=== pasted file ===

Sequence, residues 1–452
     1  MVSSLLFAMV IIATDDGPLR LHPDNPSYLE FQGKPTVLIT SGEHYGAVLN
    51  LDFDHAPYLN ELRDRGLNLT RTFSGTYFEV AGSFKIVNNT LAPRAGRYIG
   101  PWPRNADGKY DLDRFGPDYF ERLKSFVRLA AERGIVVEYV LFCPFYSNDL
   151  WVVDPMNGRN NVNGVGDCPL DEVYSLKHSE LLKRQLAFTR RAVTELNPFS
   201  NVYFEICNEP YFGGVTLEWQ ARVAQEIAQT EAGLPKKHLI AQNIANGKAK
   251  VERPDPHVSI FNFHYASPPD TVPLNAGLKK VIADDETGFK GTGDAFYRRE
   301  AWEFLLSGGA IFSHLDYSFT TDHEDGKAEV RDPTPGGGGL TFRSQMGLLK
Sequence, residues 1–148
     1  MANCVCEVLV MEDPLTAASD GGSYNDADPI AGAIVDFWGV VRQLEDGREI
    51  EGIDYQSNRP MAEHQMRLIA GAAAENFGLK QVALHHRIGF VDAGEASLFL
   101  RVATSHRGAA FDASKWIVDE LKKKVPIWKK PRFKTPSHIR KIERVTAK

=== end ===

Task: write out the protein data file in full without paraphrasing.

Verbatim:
Sequence, residues 1–452
     1  MVSSLLFAMV IIATDDGPLR LHPDNPSYLE FQGKPTVLIT SGEHYGAVLN
    51  LDFDHAPYLN ELRDRGLNLT RTFSGTYFEV AGSFKIVNNT LAPRAGRYIG
   101  PWPRNADGKY DLDRFGPDYF ERLKSFVRLA AERGIVVEYV LFCPFYSNDL
   151  WVVDPMNGRN NVNGVGDCPL DEVYSLKHSE LLKRQLAFTR RAVTELNPFS
   201  NVYFEICNEP YFGGVTLEWQ ARVAQEIAQT EAGLPKKHLI AQNIANGKAK
   251  VERPDPHVSI FNFHYASPPD TVPLNAGLKK VIADDETGFK GTGDAFYRRE
   301  AWEFLLSGGA IFSHLDYSFT TDHEDGKAEV RDPTPGGGGL TFRSQMGLLK
Sequence, residues 1–148
     1  MANCVCEVLV MEDPLTAASD GGSYNDADPI AGAIVDFWGV VRQLEDGREI
    51  EGIDYQSNRP MAEHQMRLIA GAAAENFGLK QVALHHRIGF VDAGEASLFL
   101  RVATSHRGAA FDASKWIVDE LKKKVPIWKK PRFKTPSHIR KIERVTAK